TPM News

Sen. John Ensign (R-NV) defended Nevada's legal prostitution industry on Wednesday -- putting him at odds with Sen. Harry Reid's (D-NV) call this week to end the brothel business.

"You know, that's a county by county issue and I think and it should be left to the counties," Ensign told local station after a town hall meeting.

On Tuesday, Reid delivered a speech to the Nevada legislature in which he declared "the time has come for us to outlaw prostitution." Many state lawmakers defended the current brothel system after and it's unclear whether Reid's position has enough support to move forward. Governor Brian Sandoval (R) has said the issue should be left to the counties as well.

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Steve Israel promised to take on Congressional Republicans over their push to tighten abortion laws. Now, the DCCC chair is making good on that pledge.

With the 2012 elections well over a year away, Democrats are already up with paid advertising aimed at five Republican members of Congress they hope to defeat in 2012. The program is part of a larger targeted web, radio and email ad program taking on 19 Republicans Democrats say are vulnerable next year.

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Life was more fun for Republicans when they could vote "no" on job-creating bills like the stimulus, then go to ribbon-cutting ceremonies for stimulus projects in their districts.

Now that they're voting "yes" on bills that will slash, delay or eliminate those projects, life's pretty rough.

Check out, for instance, this interview with freshman Rep. Bobby Schilling (R-IL), who's tied in knots over his recent vote to kill a transportation project in his district. Specifically, he voted for the House spending legislation, which would eliminate a $230 million federal grant to build an Amtrak line from Chicago to Iowa City, if it goes into effect.

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No matter how sensible the protesters in Wisconsin seem, Stephen Colbert is sure that they're downright evil. And if they won't live up to the stereotype of the thuggish union member, he's going to do it for them -- even if it means killing an adorable puppy.

"We know that government workers are greedy goons because we keep saying that they are," Colbert said. "But because they keep refusing to live up to our stereotypes, we must do it for them."

"Then the American people will despise us, by which I mean them," he added.

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While the Wisconsin legislative fight over union rights has devolved into a rhetorical Cold War, the similar struggle between Democrats and Republicans in the Indiana state House is positively cordial by comparison.

Though Republicans, led by Gov. Mitch Daniels, are firm in their insistence there will be no negotiation with the group of AWOL House Democrats currently cooling their heels in Urbana, IL, a member of the Republican House leadership tells TPM there will be no hard feelings if and when the Democrats finally return.

"None," Rep. Eric Turner, assistant GOP leader in the House told TPM Thursday morning. "Certainly, at times, members of the opposite party are our opponents, but they're not our enemies."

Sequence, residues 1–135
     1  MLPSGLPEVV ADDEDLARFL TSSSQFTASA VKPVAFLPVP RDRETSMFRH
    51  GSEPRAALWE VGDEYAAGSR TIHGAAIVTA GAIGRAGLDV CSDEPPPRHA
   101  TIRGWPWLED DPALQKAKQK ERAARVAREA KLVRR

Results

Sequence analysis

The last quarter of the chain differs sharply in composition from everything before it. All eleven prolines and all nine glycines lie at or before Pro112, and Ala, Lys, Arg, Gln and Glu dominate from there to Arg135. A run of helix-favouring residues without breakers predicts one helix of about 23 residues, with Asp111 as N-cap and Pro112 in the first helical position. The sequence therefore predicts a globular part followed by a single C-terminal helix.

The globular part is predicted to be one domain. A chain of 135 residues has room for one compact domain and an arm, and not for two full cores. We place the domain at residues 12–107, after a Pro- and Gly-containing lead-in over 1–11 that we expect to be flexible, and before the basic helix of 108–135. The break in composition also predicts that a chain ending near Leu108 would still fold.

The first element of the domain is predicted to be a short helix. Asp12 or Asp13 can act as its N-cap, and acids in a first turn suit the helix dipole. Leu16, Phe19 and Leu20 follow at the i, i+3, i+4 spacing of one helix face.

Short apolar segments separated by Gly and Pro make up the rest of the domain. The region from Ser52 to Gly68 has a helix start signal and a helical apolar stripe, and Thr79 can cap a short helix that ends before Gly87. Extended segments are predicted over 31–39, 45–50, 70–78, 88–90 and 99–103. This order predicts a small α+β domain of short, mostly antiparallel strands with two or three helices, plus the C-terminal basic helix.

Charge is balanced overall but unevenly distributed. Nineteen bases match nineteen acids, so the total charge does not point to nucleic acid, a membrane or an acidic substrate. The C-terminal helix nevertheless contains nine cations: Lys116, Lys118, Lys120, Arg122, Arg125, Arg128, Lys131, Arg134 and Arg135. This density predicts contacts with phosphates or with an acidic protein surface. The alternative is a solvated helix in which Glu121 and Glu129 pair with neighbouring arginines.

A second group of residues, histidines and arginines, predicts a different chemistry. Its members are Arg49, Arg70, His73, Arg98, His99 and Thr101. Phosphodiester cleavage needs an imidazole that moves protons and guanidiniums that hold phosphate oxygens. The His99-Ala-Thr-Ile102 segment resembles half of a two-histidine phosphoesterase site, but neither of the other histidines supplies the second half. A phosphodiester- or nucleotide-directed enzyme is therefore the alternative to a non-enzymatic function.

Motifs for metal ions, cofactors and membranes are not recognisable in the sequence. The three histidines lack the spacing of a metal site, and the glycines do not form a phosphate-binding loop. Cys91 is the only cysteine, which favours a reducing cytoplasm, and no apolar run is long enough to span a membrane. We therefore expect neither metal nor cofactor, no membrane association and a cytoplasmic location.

"We're legislators, we're colleagues, we're respectful of one another," he added. "We can have a difference of opinion on a piece of legislation and work on another piece of legislation together."

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Jon Stewart was in a forgiving mood when Donald Rumsfeld stopped by The Daliy Show last night.

Before asking any questions, Stewart said he knew how hard it must be for the former defense secretary to vocalize an apology for the Iraq war. So, to make things easy, Stewart said that he accepted the apology he just knew Rumsfeld wanted to make.

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Qaddafi just called into Libyan TV to give a relatively short statement.

He is NOT backing down and insists the protesters are all teenagers who are taking drugs handed out by Al Qaeda. He says the protesters are small in number.

Qaddafi again threatened to cut off oil supplies: "When the oil flow has been stopped, how are the people going to sustain a living. Will Bin Laden provide for them?"

However, Qaddafi tried to talk down his own authority. He called himself a symbolic leader like the Queen of England, who is there only to provide "parental advice."
He offered small concessions: "You can put anyone who is suspected of corruption on trial. It is your call." Also: "Maybe there can be a revision of  salaries or other income." "We are urging people to form committees." He even talked about giving people interest-free loans.

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MADISON, WI -- The debate is moving forward in Wisconsin on Republican Gov. Scott Walker's budget proposal and its controversial provisions weakening the power of public employee unions -- or at least, it's moving forward in the state Assembly. The state Senate remains effectively shut down.

As the Milwaukee Journal-Sentinel reports, the Republican and Democratic leaders in the Assembly have reached a deal to limit debate on the many amendments that Democrats had been offering to the bill -- which have been voted down on party-line margins -- narrowing the list down to just 38 more, with ten minutes of debate for each.

At that rate, the Assembly could come to a vote later on Thursday.

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